Master of Change: British artist David Hockney on display at the MET
A collection of artist David Hockney’s work is being showcased by the Metropolitan Museum of Art. The exhibition features an expansive retrospective of the artist’s diverse work, honoring iconic moments of his career. This is Hockney’s only exhibition in North America and will be on display until Feb. 25.
Hockney is recognized as the most influential British artists of all time, with a career spanning nearly 60 years. This exhibition expertly showcases Hockney’s variable artistry from 1960 to the present, showing his mastery of a variety of artistic mediums.
“California in my mind was a sunny land of movie studios and beautiful, semi-naked people.”
Much of the content of his works brazenly depicts homoerotic subject matter, figuration and a drive to overturn societal and artistic conventions. As his career grew, his work morphed as well. Hockney examines and questions how to capture movement, time, space and dimensions through landscapes, portraits, abstract paintings, photography and video works. He has touched nearly every corner of the art world from modernism to abstraction to realism and even illusionism. In recent years, he now uses an iPad to create digital paintings.
His most recognizable paintings are of luminous 1960’s California pools and backyards. The color palette is pale and the style is straight-edged and detailed.
“California in my mind was a sunny land of movie studios and beautiful, semi-naked people,” he said. He has lived in Southern California off and on for over 50 years.
It was in Los Angeles in the 1960’s he began to fully refine his artistic practice and reach international acclaim. But, he hadn’t started there.
He was born in Yorkshire and studied at the Royal College of Art in London. While he was there, he began to lay the foundation for his quirky, yet impressive personal artistic style. He grew interested in incorporating symbols of personal experiences, love and desire into his paintings.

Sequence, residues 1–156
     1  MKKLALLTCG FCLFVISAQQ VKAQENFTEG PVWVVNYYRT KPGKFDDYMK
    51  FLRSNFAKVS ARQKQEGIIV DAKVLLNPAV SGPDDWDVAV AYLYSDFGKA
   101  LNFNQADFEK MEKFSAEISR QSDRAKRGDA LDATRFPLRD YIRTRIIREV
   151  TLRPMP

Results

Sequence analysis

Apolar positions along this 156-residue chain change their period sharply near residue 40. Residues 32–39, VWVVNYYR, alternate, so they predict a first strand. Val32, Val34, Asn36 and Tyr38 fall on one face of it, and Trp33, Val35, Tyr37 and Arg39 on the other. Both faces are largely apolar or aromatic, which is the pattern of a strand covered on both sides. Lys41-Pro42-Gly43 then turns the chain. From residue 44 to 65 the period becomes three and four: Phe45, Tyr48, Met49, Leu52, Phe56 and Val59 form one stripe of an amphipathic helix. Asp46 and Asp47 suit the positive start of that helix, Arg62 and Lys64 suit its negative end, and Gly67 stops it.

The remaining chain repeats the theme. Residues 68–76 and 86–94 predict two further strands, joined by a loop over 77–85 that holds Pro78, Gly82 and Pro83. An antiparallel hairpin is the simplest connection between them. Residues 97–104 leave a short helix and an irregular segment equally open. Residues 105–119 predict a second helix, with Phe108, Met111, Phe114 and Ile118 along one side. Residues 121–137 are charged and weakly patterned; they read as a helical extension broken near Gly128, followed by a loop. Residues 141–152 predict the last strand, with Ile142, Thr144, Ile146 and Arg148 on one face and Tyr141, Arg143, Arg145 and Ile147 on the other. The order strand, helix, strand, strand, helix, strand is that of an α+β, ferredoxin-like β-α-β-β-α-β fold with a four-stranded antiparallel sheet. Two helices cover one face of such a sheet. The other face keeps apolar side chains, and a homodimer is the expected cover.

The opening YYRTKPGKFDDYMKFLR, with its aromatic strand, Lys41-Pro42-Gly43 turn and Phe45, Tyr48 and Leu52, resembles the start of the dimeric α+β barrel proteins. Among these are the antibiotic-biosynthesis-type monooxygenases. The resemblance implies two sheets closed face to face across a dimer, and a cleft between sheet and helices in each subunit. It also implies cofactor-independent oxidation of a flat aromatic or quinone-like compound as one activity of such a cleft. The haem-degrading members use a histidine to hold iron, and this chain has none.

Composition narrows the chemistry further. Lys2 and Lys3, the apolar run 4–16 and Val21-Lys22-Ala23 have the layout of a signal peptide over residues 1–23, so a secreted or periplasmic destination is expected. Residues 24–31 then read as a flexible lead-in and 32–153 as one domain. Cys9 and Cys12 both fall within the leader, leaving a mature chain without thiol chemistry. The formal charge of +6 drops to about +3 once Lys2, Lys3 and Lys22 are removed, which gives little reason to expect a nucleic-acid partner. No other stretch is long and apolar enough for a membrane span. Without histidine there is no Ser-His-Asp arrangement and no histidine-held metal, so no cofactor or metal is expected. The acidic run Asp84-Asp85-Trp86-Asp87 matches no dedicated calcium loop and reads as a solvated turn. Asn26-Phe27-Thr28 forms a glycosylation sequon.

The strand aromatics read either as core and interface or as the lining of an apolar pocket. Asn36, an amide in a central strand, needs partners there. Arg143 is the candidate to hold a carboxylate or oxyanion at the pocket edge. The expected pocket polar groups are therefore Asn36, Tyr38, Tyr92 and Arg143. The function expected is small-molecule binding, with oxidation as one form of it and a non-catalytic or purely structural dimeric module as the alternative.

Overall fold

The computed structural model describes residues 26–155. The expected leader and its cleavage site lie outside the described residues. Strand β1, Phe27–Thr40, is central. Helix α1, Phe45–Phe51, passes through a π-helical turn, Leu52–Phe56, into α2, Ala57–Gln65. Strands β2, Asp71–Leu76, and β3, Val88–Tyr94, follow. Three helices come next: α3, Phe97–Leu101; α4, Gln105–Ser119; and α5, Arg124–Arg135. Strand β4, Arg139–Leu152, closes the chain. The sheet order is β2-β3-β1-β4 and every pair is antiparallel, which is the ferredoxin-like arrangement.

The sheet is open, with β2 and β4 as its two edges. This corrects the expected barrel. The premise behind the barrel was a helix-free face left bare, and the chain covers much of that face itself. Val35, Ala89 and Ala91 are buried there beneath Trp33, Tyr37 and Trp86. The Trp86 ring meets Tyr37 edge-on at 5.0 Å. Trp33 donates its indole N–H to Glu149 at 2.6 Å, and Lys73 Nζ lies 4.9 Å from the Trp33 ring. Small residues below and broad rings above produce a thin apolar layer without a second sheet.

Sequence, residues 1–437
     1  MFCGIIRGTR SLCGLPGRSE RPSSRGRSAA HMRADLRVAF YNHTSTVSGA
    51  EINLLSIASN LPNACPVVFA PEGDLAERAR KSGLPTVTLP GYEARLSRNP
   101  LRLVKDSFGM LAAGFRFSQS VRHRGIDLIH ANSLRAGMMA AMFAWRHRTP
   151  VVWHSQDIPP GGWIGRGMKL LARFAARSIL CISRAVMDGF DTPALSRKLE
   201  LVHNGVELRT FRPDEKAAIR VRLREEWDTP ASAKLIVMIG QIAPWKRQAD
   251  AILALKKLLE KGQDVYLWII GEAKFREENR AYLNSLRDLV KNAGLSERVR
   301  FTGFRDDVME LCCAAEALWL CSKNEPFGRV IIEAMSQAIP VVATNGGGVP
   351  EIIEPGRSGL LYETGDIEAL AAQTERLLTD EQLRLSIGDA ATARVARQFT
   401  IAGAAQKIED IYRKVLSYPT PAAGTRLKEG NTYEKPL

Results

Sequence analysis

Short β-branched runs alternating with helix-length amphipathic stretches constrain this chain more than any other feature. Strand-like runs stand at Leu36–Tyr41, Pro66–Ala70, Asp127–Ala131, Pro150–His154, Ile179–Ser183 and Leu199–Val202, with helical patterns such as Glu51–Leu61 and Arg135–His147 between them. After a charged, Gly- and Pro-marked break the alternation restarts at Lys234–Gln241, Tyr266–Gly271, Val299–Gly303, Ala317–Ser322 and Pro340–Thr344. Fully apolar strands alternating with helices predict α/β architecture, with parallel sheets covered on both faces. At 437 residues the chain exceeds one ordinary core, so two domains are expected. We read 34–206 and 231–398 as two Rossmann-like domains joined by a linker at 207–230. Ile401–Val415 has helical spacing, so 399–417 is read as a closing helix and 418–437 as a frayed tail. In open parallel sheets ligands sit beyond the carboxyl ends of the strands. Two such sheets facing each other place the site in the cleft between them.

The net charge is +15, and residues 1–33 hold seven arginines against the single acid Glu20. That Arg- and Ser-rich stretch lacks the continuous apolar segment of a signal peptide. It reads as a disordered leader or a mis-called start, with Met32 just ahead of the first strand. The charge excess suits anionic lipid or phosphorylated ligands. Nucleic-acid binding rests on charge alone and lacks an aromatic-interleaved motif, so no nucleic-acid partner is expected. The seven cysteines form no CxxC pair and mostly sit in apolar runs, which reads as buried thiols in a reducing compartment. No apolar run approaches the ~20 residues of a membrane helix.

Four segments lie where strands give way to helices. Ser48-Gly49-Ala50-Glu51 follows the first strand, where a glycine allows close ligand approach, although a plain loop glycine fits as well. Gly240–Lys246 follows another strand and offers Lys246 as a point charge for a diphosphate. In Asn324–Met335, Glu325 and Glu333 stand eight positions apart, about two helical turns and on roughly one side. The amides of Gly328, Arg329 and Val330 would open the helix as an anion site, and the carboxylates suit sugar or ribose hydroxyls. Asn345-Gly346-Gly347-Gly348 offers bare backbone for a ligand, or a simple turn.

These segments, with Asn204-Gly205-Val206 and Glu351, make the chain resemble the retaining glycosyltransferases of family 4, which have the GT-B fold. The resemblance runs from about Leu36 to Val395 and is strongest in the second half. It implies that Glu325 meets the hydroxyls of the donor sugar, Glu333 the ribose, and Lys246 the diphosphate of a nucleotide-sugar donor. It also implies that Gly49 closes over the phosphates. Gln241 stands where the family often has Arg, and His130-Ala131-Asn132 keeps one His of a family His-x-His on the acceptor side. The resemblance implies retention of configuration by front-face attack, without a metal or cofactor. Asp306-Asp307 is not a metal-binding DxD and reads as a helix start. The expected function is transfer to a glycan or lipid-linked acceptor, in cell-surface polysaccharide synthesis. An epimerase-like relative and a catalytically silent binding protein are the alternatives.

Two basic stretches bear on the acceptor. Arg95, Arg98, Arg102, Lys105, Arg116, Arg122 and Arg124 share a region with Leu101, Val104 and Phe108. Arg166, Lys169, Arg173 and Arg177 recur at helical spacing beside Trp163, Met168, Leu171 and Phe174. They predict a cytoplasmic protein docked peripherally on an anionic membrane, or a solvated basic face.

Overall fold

“The Cha-Cha That Was Danced in the Early Hours of 24th March,” depicts a party in which he watched a fellow student dance. In graffiti-style, which the inspiration can be sourced from the bathrooms of London, the words “penetrates deep down” are written intertwining the abstract character on the move.
In the 1960’s, his work began to take a more explicit and controversial turn. His burgeoning gay identity is evident in “Cleaning Teeth, Early Evening (10pm),” in which he unabashadley depicted homosexuality. By replacing toothpaste tubes for genitalia he is simultaneously stating his view in a comic, light-hearted manner and giving a nod to the Pop art’s fascination with household objects, which was at full swing at this time.
But for all the criticism he received, his acclaim and popularity doubled. He has managed to master what many artists often fail to do—grow with their art as the culture around them changes. It is evident he isn’t afraid to experiment and take on challenges.
From pools to abstract landscapes of the desert southwest incorporating photographs, Hockney then took to a new venture--portraits.
The MET contains five of Hockney’s majestic and unique double portraits. Nearly life size, these paintings depict his friends and acquaintances in highly-structured and dramatic compositions. They are naturalistic, yet the composure is tense and formal, often incorporating the geometric clarity and modernist style found in his previous paintings of Californian pools and homes.
But, Hockney didn’t just limit himself to painting, in the 1980’s he also designed sets for a number of major opera companies around the world. Works such as “Garden #3” further attest to the diversity of his artistic talent with Picasso inspired abstraction and cubism with bright, vivid coloring.
With the invention of the iPhone and iPad in the 2000s, he began to paint using digital technology. In his home in Yorkshire, he kept an iPad at his bedside table in order to paint exactly what he saw every morning. In the exhibit, three televisions play recordings of these digital paintings in bright, mesmerizing colors.
Within the past few years, he has moved back to Los Angeles and produced a new series of acid-hued paintings. These paintings attest to Hockney’s emphasis on the expansion of perspectival space. Now in his 80’s, Hockney shows no signs of slowing down. A master of artistic change, he continues to push boundaries wherever and whenever possible.